P-077 Using Registry Data to Identify Typical Use of Biological Pharmaceuticals in IBD Patients: A Case Study from Norway

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Abstract

Background:

During the last decade, several new and expensive drugs (including TNFα inhibitors and anti-integrins) have been introduced in IBD treatment. Little is known about the overall treatment pattern for these new biologic pharmaceuticals. What proportion of patients eventually receive biologics and how does this vary over time? How soon after being diagnosed with IBD do patients receive a biologic and which are most commonly used? How many switch to another biologic? The aim of this study was to describe treatment patterns for biologic pharmaceuticals by analysis of a nationwide patient registry that covers all patients with an IBD diagnosis in Norway.

Methods:

Data was collected from the Norwegian Patient Registry and includes information about every individual hospital treatment episode for IBD patients (ICD codes K50 and K51) from 2008 to 2015. Forty three thousand six hundred sixty-two IBD patients were identified in the registry. The data included information about gender, age, the date of the treatment (month and year) and use of biologics. Each event was associated with a unique patient identification number that made it possible to follow a patient across time. The date of diagnosis was set to the earliest observation in which the individual was observed with a K50 or K51 treatment episode, given that the patients had no IBD treatment episodes in the preceding years. Concurrently 2008 to 2009 were excluded since we had no information prior to 2008. In order to examine development over time, the patients were stratified based on the year of the first diagnosis.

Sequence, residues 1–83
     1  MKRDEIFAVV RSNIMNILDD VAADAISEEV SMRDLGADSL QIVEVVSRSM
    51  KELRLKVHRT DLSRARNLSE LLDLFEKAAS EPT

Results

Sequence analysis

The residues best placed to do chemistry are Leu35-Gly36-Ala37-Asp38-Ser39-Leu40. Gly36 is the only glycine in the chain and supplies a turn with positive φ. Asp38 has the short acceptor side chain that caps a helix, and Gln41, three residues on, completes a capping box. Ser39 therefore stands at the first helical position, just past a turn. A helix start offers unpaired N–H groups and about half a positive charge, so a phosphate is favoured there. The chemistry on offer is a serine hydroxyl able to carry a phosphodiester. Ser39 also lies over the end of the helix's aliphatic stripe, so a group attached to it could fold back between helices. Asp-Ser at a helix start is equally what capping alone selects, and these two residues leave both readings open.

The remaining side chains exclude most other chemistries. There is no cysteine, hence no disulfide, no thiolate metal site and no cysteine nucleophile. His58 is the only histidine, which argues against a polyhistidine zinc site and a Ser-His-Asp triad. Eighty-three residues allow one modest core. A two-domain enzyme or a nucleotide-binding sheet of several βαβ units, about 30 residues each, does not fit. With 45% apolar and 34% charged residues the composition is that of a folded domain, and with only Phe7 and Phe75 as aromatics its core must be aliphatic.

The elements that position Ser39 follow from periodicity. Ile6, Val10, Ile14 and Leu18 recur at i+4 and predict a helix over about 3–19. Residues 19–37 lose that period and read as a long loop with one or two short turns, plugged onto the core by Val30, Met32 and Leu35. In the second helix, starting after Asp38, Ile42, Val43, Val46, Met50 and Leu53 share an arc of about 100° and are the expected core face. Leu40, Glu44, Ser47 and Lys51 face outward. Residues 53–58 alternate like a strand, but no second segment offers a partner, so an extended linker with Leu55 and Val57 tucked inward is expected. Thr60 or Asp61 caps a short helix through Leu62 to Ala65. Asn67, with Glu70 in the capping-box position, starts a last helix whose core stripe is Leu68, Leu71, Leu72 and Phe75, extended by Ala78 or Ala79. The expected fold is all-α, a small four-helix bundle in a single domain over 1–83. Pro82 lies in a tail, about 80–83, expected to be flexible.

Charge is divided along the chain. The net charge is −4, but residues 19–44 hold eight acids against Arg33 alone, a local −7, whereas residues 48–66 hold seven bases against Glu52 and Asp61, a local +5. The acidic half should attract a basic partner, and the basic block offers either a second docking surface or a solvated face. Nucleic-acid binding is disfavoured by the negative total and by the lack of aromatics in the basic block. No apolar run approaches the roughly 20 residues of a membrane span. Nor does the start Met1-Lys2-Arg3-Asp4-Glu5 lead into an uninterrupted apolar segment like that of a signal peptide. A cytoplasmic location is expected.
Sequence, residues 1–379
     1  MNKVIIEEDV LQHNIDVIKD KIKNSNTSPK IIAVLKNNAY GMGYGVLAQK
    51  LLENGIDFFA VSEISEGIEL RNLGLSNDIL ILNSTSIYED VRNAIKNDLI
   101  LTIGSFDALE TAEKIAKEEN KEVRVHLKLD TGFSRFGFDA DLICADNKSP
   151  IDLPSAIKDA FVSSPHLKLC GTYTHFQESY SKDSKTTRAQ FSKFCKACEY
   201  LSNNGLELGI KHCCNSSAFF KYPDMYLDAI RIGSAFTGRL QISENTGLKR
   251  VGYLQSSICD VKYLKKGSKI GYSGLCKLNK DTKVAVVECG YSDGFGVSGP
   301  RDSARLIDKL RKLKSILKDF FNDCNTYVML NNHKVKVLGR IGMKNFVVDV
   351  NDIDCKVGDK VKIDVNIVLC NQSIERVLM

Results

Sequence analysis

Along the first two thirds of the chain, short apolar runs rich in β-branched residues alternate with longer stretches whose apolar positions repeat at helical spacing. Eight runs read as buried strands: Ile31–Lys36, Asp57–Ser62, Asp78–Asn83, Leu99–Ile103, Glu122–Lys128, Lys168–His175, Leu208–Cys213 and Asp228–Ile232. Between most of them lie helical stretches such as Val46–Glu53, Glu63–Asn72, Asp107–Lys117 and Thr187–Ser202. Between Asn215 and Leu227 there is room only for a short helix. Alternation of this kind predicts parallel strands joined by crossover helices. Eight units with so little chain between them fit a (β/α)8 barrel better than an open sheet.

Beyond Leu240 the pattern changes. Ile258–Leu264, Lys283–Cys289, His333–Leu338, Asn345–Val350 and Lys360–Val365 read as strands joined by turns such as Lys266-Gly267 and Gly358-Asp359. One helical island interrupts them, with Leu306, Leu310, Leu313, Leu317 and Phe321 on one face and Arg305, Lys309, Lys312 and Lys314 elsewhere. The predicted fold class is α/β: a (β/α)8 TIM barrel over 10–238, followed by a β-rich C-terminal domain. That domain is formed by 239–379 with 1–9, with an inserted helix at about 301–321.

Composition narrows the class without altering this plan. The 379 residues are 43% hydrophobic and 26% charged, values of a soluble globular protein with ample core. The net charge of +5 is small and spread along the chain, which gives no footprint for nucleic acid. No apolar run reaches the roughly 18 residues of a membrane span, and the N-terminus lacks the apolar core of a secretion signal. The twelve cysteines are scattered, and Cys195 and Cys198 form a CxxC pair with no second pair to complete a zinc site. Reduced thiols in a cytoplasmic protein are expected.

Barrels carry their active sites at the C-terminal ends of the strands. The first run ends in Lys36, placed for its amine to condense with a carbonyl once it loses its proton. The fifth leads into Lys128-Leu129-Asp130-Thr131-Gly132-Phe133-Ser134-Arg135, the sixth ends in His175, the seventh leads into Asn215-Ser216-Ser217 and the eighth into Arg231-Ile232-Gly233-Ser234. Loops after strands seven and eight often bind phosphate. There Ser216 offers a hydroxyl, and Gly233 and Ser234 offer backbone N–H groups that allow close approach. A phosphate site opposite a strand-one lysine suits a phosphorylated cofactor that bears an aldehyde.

Results:

During 2010 to 2014, there were 19,887 new IBD patients out of which 6729 (33.8%) were diagnosed with Crohns' disease (CD) and 13,158 (66.2%) with ulcerative colitis (UC). Among CD (UC) patients the proportion that received a biological pharmaceutical within one year after being diagnosed, increased from 12.2% (4.8%) in 2010% to 18.9% (7.7%) in 2014. For UC patients starting treatment in 2012 the median number of days from diagnosis to the first use of a biological pharmaceutical, was 335 days, while for CD patients it was 153 days. The most common pharmaceutical was infliximab and adalimumab (CD: 95.9%, UC: 88.8%). 27.8% of the patients who received a biological pharmaceutical switched biologics during the period. Among CD patients who were diagnosed between 2010 and 2014 and switched to another biologic, 22.8% did so within 100 days of the initiation of the first biologic. For UC patients the corresponding share was 25.5%.

Conclusions:

There was a consistent trend towards an increased use of biological pharmaceuticals over time, still, most have never been treated with biologics. For the patients who received biologics, a minority of about 20% switched to another biologic within 3 months, which may indicate that this subgroup of patients does not respond to their first biologic or they experience severe side-effects.

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